Would You Recognize a Venomous Snake?

As the weather warms up, folks start to get nervous about coming up close-and-personal to snakes.

I won’t go so far as to say that ‘snakes are your friends’ but I will point out that snakes do a great job of controlling insects, rats and mice populations.

Snakes Just Want Peace-and-Quiet!

Few snakes are interested in confronting you.  Given the opportunity, most will slither into dark recesses, instead of going toe-to-fang with you.

The Bad Boys of the Snake Kingdom

This Diamond-backed Rattlesnake Usually Warns People Off by Rattling His Tail!

It took me years to understand that there are 4 main groups of venomous snakes … and the others may bite, but they have no venom.

Therefore, let’s talk about the ‘bad boys.’  Most people who are bitten by venomous snakes, get their bites courtesy of rattlesnakes.

Rattlers usually show their readiness to bite you by shaking their tails … however, this is not a guarantee!

Some just lunge and bite!  Frankly, this is going to make a mess of your day!  My suggestion is to move away quickly when you hear the distinctive rattling sound.

Three More to Go!

The coral snake can be identified through the rhyme:  “Red and yellow,

A "Red and Yellow" Snake Will Kill a Fellow!

kill a fellow; red and black, venom lack.”

If you are bitten, head to a medical facility immediately.  Stay calm and take deep breaths to relax yourself.

Rushing around will only cause the venom to spread faster!

These Guys Don't Play Around!

Water moccasins are in and around water, particularly in the shallows near low-hanging branches.

They don’t leave much to the imagination!  A Moccasin shows his fangs freely.

Finally, I want to mention the Copperhead. They are a real problem where I live (Texas).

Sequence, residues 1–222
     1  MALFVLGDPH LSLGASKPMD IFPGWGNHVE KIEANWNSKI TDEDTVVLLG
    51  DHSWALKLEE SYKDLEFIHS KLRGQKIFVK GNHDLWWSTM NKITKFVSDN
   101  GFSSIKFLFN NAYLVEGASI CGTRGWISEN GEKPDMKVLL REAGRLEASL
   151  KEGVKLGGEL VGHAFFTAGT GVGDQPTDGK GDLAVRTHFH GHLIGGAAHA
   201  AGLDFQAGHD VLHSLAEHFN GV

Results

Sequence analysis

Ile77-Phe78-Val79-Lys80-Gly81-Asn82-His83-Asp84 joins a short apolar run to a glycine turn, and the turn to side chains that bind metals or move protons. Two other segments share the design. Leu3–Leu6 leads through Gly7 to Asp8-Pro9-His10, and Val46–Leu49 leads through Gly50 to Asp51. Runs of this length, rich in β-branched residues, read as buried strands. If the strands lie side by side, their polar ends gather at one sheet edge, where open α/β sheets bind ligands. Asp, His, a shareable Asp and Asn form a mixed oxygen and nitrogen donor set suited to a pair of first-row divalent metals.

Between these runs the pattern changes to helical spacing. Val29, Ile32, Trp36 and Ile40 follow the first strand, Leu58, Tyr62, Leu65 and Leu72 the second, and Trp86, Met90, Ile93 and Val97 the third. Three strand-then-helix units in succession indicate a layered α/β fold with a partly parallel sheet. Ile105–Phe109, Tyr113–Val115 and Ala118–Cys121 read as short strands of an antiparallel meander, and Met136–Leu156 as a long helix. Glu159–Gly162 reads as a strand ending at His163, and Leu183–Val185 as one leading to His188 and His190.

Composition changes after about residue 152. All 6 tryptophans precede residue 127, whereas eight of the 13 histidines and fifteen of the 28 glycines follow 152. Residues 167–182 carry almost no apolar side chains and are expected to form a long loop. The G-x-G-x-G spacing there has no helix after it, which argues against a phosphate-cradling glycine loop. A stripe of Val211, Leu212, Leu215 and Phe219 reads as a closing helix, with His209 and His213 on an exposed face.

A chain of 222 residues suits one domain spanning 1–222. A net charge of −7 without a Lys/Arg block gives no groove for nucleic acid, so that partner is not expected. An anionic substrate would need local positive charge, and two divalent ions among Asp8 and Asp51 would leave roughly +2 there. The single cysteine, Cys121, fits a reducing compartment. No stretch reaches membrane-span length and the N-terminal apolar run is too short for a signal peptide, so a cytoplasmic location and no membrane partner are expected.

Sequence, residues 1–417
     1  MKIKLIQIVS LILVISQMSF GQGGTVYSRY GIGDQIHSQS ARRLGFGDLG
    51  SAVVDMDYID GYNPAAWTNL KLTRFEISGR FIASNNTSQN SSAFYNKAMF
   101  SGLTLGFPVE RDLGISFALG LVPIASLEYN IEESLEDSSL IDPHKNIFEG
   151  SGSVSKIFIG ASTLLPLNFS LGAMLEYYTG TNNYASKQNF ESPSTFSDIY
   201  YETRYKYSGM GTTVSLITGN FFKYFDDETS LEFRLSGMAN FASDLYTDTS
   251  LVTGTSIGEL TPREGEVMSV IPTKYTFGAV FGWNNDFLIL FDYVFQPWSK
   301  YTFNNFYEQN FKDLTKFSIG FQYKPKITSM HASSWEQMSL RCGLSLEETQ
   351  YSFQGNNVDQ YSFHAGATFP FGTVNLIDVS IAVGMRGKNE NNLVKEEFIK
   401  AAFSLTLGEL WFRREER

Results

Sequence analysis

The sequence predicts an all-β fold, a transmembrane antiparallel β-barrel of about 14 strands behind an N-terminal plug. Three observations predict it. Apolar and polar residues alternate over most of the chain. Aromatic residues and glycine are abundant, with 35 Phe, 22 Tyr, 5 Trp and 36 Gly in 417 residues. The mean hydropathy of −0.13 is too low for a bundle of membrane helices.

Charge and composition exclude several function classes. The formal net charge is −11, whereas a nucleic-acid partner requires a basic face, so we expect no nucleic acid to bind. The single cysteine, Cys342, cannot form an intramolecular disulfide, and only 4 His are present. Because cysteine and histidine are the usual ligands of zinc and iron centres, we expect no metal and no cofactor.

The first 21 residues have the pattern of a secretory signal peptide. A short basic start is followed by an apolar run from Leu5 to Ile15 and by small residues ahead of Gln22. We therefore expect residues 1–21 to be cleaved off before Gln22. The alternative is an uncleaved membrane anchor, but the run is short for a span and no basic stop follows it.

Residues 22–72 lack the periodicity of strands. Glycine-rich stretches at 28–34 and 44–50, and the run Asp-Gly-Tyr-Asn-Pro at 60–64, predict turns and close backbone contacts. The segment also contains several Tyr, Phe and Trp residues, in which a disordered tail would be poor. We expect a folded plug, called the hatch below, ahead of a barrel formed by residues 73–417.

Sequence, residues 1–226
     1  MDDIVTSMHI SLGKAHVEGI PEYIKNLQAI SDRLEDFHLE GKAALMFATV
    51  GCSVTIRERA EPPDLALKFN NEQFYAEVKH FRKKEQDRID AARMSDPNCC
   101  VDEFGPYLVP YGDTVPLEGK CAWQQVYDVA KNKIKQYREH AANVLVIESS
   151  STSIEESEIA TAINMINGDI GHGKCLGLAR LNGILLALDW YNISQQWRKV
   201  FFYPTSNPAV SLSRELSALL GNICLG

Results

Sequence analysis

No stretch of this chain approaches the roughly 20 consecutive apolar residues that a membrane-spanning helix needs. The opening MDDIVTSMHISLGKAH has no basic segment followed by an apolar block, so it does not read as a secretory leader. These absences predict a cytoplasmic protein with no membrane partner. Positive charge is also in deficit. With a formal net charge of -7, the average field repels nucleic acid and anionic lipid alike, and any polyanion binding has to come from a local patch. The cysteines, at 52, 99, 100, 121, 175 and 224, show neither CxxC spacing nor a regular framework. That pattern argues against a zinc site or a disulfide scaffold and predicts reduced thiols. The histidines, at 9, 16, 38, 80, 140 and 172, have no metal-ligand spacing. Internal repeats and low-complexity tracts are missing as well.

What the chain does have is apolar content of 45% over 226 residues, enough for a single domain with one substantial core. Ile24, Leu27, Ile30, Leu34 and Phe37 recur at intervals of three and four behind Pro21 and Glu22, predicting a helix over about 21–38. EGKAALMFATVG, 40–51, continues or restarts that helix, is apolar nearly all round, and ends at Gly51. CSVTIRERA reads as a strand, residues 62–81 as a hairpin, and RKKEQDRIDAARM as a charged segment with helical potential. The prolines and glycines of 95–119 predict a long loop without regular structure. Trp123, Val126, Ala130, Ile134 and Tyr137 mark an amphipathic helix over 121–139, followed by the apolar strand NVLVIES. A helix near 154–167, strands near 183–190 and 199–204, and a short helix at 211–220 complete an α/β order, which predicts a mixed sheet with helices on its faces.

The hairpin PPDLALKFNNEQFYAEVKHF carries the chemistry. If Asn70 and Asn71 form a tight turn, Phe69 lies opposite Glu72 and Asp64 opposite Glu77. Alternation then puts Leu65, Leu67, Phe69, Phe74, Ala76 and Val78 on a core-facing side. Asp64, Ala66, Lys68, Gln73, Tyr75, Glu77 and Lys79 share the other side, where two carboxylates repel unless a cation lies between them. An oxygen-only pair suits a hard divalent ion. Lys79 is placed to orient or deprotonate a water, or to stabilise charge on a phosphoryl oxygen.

Even Young Copperheads are Capable of A Dangerous Bite!

We live in open agricultural land and Copperheads seem to like to bask in the sun on cool days.

Generally, they are found in gardening mulch and compost piles and under decaying stumps.  Two more places to watch are: under large, flat stones and under decaying stumps.

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All snake photos are courtesy of Wikipedia!

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Next Time: How to Avoid Snakes; What To Do When You Are Bitten

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This blog is a companion to my website: GreatGhilliesAndGraphics.com

Snake Dangers & River Tubing

Is Every Snake Poisonous?

If you see every snake in the US as a potential killer, you’d best confine your tubing adventures to a swimming pool!

Snakes tend to hang out in warm waters; however, they tend to be mostly non-poisonous.*

Suggestions to limit your meeting these “fanged foe.”

  • Don’t bother or tease snakes,
  • Go around snakes, avoiding them where possible.
  • Stay out of shallow water as much as possible
  • Stay away from banks in thick, wooded areas

4 Poisonous Snakes in America

Cottonmouth Water Moccasin Snake — This is the only poisonous American water snake; usually found in southeast parts of the US.